Forty-five years ago today...
- There has been lots of copyright news of late, much of it from outside the US. In no particular order:
- The estate of Sir Arthur Conan Doyle has been denied a stay pending certiorari/appeal by the Supreme Court, meaning that its copyright on the pre-1923 Sherlock Holmes is unenforceable at present due to the result in the Seventh Circuit.
- In an utterly futile attempt at seeming to listen to the public while nonetheless ignoring it, the U.S. Copyright Office is seeking public comment on Aereo. The problem here is not that there is no copyright issue... but that the copyright issues are buried under miles of ire quite properly aimed at cable-TV
vulturesservices (I should add that I've had similar experiences twice in the past decade).
- Given that That Vampire Show is back for its final season on HBO right now, it's all too appropriate that SOPA may be dead... but it's coming back... thereby demonstrating that Congressional dysfunction goes even deeper than we thought.
- Meanwhile, across the pond, orphan works are getting specific legislative attention in an even-more-dysfunctional-than-Congress legislature...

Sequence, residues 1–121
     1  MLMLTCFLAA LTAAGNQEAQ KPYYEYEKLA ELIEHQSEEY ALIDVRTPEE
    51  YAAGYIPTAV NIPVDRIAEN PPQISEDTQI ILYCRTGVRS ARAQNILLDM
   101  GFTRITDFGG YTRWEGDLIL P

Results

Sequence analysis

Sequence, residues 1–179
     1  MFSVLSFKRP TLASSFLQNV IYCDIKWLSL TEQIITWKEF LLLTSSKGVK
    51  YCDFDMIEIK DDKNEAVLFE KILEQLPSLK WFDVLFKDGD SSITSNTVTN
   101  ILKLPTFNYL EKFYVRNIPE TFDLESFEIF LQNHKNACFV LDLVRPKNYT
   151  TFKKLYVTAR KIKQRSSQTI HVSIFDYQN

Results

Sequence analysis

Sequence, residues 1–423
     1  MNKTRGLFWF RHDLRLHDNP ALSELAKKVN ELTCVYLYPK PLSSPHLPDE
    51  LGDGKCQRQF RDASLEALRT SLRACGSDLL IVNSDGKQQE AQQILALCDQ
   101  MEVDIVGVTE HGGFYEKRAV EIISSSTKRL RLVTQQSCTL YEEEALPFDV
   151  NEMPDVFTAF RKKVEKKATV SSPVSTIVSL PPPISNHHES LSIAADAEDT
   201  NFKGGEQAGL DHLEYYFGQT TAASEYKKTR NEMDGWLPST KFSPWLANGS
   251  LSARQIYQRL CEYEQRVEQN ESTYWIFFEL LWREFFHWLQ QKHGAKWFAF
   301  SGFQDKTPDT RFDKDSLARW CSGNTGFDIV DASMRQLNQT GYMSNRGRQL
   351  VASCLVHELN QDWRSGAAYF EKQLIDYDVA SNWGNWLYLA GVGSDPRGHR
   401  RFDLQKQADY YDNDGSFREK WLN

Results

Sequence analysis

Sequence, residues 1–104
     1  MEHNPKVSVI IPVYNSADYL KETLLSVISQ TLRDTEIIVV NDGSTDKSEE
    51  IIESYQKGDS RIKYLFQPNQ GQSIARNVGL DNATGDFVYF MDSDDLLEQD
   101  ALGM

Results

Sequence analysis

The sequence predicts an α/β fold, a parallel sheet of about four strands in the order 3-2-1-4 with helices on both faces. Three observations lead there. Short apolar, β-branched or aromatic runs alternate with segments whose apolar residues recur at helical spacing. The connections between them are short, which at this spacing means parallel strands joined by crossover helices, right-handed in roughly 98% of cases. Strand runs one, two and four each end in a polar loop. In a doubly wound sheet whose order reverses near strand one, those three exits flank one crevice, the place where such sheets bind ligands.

- ... which, at least, is more transparent than the EU "government".
- Of course, sometimes there is overclaiming, like when a lawyer tries to sue someone for copying a brief submitted as part of the public record in a case. This actually fails to note the principle objection: That a legal brief is ordinarily a work for hire, meaning that the lawyer is (legally) not its author in the first place — that dubious distinction belongs to his/her client. (It's a WFH because the lawyer is, for this purpose, an employee of the client... or, at least, arguably so, depending upon the particular way that the "employment test" is imposed.)
- Yeah, writers are getting rich these days. (No <SARCASM> tag necessary, right?)
The subtext is that making policy based on outliers (whether the long or the short tail) isn't very bright. Of course, that's often where the money is most concentrated (and thereby most available for expenditure on lawmaking), so you can guess how often this gets considered.
- The less said about the latest (or, at least, latest-at-this-writing) atrocity in the Ukraine related to separatism from neocolonialist border-drawing fiascos, the better. Nobody is really remarking on the last-clear-chance contributory factor: That the air traffic controllers allowed the aircraft to fly within 300 meters of restricted airspace, knowing full well that things were a bit unsettled (and that 10,000m is a bit low for efficiency on that flightpath in the first place).